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100th Anniversary of Nosferatu

It’s one of the strange quirks of cinema history, that there was nearly no Nosferatu at all. The vision of the pale, wraith-like creature climbing the stairs is iconic. It’s been parodied and replicated countless times. The image of Nosferatu is one people will probably recognise when seen even if they don’t immediately know what you mean.

This year is the 100th anniversary of its release, notwithstanding that due to a lawsuit from the widow of Bram Stoker, all copies of it were scheduled to be destroyed. A stake through the heart of horror fans everywhere!

The film was made by Prana Film on a low budget as a retelling of Dracula for German audiences. It was directed by F.W. Murnau who was a veteran of WW1. Of the twenty-one films Murnau directed only twelve survive to the present day. Nosferatu is the most famous and tapped into the publics love of the modern vampire story. It centres around Count Orlok, a vampire preying on the wife of his estate agent. It premiered in the Berlin Zoological Garden in 1922.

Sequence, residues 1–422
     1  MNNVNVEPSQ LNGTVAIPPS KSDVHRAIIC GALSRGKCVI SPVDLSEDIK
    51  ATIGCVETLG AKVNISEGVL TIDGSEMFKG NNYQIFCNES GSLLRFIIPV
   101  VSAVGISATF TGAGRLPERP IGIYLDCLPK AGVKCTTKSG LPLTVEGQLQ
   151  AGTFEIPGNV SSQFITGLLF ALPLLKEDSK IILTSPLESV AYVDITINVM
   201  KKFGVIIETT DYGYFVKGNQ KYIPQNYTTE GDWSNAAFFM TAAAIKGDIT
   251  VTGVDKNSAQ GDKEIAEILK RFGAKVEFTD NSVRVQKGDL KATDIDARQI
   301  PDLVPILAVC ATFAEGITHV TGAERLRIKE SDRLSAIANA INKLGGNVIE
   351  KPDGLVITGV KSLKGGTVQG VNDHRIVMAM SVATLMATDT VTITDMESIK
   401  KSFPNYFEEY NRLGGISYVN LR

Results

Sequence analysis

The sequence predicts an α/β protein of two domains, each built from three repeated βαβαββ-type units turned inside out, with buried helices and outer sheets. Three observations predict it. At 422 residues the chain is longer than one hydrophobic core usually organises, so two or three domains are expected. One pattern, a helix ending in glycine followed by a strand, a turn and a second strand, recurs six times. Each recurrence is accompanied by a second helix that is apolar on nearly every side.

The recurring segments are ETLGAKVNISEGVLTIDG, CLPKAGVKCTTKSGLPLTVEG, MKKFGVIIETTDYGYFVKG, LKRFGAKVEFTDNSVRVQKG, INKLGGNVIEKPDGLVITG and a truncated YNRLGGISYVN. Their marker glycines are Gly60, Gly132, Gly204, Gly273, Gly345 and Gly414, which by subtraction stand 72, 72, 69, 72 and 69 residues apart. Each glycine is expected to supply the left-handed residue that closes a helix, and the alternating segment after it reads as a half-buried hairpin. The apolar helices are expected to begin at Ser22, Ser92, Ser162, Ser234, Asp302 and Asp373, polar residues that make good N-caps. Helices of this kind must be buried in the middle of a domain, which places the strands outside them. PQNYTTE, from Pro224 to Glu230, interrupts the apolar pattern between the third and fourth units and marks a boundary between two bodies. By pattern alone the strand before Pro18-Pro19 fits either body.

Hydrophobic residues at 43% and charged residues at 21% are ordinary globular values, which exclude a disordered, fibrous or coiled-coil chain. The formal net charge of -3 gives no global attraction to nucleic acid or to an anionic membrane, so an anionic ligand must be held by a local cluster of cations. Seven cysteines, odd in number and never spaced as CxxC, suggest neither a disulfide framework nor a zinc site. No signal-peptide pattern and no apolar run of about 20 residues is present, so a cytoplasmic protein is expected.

The filmmakers thought a loosely told adaption of Dracula would be too obscure to clamp down on, but they were wrong. Bram Stokers estate successfully sued the filmmakers, and all copies of the movie were ordered to be destroyed. Luckily, like a cloud of bats across the sea, some copies bound for America managed to survive.

This was at a time when many films were lost due to unintentional accidents, so the odds would not have been in the films favour to survive the purge. The lawsuit by Bram Stokers estate also seems cynical considering the folklore origins of the vampire. While Stoker’s Dracula is one of the great portrayals of the vampire, very little about the count, including his aristocratic pose, was unique to Stoker’s book. It may have really come down to the film originally sharing the name Dracula.

Nosferatu was a film recalled due to copyright reasons. But its legacy lived on. Although it did not officially enter the public domain until 2019, it has been the subject of four remakes. There are films like “Shadow Of The vampire” which are fictionalised retellings of the making of the iconic film. It was even used in an episode of 90s nickelodeon favourite, “Are You Afraid Of The Dark”.

Overall, the face of Count Orlok is more famous than Count Dracula’s. The corpse-white ghoul was played by Max Shrek, who’s name literally translates to “Maximum Terror” in English. His intimidating presence leaves a long shadow as does the film itself.

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